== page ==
Answered By: Monique Ritchie
Last Updated: 30 Nov, 2023     Views: 141

Plagiarism is passing off someone else's work as your own. As such it is a type of of academic misconduct or fraud.

Copyright is an intellectual property right which applies to original works, giving the owner certain exclusive rights, including the assignment or transfer of copyright ownership, or communication to the public. 

It's possible to plagiarise without infringing copyright and to be in breach of copyright without plagiarising. For example, an author who included a piece of their prior work in a new piece of work without acknowledging the prior work in the reference list would be self-plagiarising. If the same author owns the copyright in the original work which was copied, this would not infringe copyright. However, if the copyright ownership in the original work has been transferred in full  to a publisher and was used without permission, the author will have self-plagiarised and have also infringed the publisher's copyright. 

To avoid plagiarism in your work, it is important to ensure that ideas or quotations from your prior work, or someone else featured in your own work are sufficiently acknowledged. This applies irrespective of whether the content is cited word for word or is paraphrased jn your own words. If you fail to do so, you could be in breach of an author's moral right to be identified as the author under copyright law. This is called the right of paternity, under Section 80 of the Copyright, Designs and Patents Act 1988, as amended.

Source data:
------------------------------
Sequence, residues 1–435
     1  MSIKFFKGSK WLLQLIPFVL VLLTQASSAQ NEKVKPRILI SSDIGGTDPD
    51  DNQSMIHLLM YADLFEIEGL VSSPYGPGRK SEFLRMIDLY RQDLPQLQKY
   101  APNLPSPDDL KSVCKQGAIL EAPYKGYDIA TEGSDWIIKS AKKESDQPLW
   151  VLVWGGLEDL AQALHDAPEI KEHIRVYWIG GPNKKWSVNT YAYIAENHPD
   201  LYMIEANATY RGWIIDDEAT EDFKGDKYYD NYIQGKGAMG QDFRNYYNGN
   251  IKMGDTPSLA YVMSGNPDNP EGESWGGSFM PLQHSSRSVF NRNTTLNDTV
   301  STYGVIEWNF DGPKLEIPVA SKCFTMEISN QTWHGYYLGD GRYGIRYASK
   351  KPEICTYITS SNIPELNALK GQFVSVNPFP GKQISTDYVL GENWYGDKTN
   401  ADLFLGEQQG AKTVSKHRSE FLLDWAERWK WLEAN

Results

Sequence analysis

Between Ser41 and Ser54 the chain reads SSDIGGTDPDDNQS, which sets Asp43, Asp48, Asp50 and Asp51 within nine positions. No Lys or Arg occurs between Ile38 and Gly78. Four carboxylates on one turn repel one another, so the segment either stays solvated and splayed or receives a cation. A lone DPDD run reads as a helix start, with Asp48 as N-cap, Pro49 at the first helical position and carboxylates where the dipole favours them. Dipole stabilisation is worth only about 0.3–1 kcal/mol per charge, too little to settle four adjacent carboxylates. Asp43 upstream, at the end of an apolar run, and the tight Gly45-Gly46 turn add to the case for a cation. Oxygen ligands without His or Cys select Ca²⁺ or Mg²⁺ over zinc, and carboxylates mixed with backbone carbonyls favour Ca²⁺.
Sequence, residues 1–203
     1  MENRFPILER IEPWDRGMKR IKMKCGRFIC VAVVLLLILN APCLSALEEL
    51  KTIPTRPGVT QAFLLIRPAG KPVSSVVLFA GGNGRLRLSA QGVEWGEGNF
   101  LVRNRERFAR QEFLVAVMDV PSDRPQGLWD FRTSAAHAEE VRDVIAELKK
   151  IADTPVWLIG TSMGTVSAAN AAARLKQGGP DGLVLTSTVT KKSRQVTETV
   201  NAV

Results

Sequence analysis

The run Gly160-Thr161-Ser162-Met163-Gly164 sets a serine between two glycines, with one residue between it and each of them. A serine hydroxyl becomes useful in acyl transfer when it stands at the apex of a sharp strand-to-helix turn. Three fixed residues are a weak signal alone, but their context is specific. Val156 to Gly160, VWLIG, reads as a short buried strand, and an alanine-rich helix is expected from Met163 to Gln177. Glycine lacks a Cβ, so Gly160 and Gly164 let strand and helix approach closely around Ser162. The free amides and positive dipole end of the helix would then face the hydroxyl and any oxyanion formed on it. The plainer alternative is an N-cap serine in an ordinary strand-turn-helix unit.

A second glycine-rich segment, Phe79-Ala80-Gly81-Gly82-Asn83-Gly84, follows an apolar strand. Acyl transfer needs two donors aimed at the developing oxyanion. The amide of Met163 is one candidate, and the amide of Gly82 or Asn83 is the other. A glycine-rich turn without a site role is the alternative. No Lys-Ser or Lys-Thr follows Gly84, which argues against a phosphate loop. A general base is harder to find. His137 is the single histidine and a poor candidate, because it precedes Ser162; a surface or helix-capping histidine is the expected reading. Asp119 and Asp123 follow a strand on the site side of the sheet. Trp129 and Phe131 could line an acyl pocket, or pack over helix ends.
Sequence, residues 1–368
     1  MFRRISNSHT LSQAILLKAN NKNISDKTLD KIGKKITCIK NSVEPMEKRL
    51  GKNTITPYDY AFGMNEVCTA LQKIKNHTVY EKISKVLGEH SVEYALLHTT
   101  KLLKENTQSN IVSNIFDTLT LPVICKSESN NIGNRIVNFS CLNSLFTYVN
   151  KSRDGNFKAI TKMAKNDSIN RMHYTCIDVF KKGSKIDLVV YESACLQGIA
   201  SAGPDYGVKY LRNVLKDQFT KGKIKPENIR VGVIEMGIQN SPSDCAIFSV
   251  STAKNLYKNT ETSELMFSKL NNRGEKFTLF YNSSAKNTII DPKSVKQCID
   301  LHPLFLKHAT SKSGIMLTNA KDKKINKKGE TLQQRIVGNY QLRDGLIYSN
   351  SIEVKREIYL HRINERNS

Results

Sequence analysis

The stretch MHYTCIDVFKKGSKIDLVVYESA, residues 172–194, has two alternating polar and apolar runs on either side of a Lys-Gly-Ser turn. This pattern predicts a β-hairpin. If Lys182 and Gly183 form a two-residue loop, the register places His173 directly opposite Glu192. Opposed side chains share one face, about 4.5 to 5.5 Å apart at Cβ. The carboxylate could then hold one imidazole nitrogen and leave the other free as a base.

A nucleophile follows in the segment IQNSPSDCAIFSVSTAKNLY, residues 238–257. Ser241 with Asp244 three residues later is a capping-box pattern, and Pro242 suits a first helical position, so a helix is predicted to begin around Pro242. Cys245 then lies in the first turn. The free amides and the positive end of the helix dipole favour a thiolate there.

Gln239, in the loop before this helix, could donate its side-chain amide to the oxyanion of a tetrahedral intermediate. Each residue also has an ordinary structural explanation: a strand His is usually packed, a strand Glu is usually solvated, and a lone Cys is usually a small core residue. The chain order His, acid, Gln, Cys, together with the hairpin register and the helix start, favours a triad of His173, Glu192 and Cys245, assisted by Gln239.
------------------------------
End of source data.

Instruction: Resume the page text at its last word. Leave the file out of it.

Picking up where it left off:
You may also infringe copyright if you use a substantial portion of a work without permission that would not otherwise be covered by a statutory exception, whether you acknowledge the work or not.

It is possible to use third party materials in your work under certain circumstances without infringing copyright under licence and statutory exceptions to copyright for research and education. These include exceptions for quotation.

For information about copyright permissions, see our online copyright guidance also linked below. For more information about plagiarism and referencing see the links below.